Vehicle geometry, suspension, and steering design all affect the handling of a vehicle. To better understand the term “handling,” we can address the following fundamentals that contribute to good handling:
Road isolation is the vehicle’s ability to absorb or isolate road shock from the passenger compartment. The degree to which this is accomplished is controlled by the condition of the suspension system and its components. A properly functioning suspension system allows the vehicle body to ride relatively undisturbed while traveling over rough roads. This is accomplished through the combined use of bushings, springs, and hydraulic dampers. The springs support weight as the vehicle travels down the road. When a vehicle encounters a bump in the road, the bushings receive and absorb the inputs from the road, while the springs compress and store kinetic energy. This energy is then released, causing a rebound in the vehicle’s weight. The rate at which the springs compress and rebound is controlled using a hydraulic damper, such as a shock absorber or strut. The result of this action is to limit the amount of road input felt in the passenger compartment.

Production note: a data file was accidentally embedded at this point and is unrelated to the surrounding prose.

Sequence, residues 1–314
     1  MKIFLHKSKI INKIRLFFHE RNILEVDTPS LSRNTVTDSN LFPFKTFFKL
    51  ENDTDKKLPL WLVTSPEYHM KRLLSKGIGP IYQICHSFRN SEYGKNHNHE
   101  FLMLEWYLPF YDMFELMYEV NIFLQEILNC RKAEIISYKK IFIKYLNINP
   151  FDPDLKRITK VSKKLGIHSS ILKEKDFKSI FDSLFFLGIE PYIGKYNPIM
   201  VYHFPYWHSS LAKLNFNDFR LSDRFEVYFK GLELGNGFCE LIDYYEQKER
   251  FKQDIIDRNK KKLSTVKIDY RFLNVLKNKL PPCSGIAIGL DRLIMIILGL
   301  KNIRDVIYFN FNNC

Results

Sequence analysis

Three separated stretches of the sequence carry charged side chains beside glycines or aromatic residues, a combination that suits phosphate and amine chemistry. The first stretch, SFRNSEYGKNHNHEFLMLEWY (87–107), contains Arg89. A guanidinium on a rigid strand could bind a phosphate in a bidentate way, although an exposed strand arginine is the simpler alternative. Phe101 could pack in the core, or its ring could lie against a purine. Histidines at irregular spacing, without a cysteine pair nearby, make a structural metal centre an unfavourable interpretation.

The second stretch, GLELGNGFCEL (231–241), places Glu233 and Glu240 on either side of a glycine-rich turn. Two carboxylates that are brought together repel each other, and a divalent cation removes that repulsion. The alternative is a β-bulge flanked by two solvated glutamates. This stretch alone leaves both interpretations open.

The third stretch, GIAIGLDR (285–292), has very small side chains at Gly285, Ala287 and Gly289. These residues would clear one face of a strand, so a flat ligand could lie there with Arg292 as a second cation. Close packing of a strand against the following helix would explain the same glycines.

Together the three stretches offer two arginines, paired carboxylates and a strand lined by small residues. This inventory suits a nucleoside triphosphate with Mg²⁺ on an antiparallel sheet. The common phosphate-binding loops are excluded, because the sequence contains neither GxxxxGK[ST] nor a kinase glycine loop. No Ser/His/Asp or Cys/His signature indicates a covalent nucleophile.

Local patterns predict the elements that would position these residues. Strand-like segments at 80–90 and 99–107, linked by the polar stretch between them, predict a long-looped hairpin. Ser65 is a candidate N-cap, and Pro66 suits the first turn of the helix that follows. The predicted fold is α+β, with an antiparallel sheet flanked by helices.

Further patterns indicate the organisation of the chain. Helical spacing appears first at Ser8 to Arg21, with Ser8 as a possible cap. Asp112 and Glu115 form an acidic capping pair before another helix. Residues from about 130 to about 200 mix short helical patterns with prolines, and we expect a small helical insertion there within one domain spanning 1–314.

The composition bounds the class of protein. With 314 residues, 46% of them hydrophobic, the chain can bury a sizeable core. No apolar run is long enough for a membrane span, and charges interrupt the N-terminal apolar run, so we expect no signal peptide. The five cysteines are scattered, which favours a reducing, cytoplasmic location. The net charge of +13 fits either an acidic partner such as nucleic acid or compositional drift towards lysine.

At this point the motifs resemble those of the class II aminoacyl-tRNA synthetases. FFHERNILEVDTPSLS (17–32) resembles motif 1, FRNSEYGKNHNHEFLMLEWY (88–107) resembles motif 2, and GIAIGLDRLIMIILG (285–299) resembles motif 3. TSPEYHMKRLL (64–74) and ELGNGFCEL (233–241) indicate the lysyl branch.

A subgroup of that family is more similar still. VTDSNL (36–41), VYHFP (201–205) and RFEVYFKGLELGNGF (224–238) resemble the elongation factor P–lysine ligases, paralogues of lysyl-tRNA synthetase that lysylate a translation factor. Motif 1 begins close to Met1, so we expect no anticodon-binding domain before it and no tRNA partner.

Road holding is the degree to which a car maintains contact with the road surface in various types of directional changes and in a straight line. Remember that the vehicle’s ability to steer, brake, and accelerate depends first and foremost on the adhesion or friction between the tires and the road. Tire force variation is a measure of the road holding capability of the vehicle and is directly influenced by shock absorber or strut performance. Shock absorbers and struts help maintain vertical loads placed on the tires by providing resistance to vehicle bounce, roll and sway during weight transfer. They also help reduce brake dive along with acceleration squat to achieve a balanced ride. Worn shocks and struts can allow excessive vehicle weight transfer from side to side and front to back, which reduces the tire's ability to grip the road. Because of this variation in tire to road contact, the vehicle’s handling and braking performance can be reduced. This may affect the safe operation of the vehicle and the safety of those riding inside. Therefore, shocks and struts are safety component
Steady state behaviour - Steady state cornering, Swpet steer
Transient behaviour - Single and double lane change, Step steer, Impulse input,
stability - Fish hook or J turn
Steering - Steering effot & Steering returnability
Longitudinal dynamics - Braking and acceleration
and so on..
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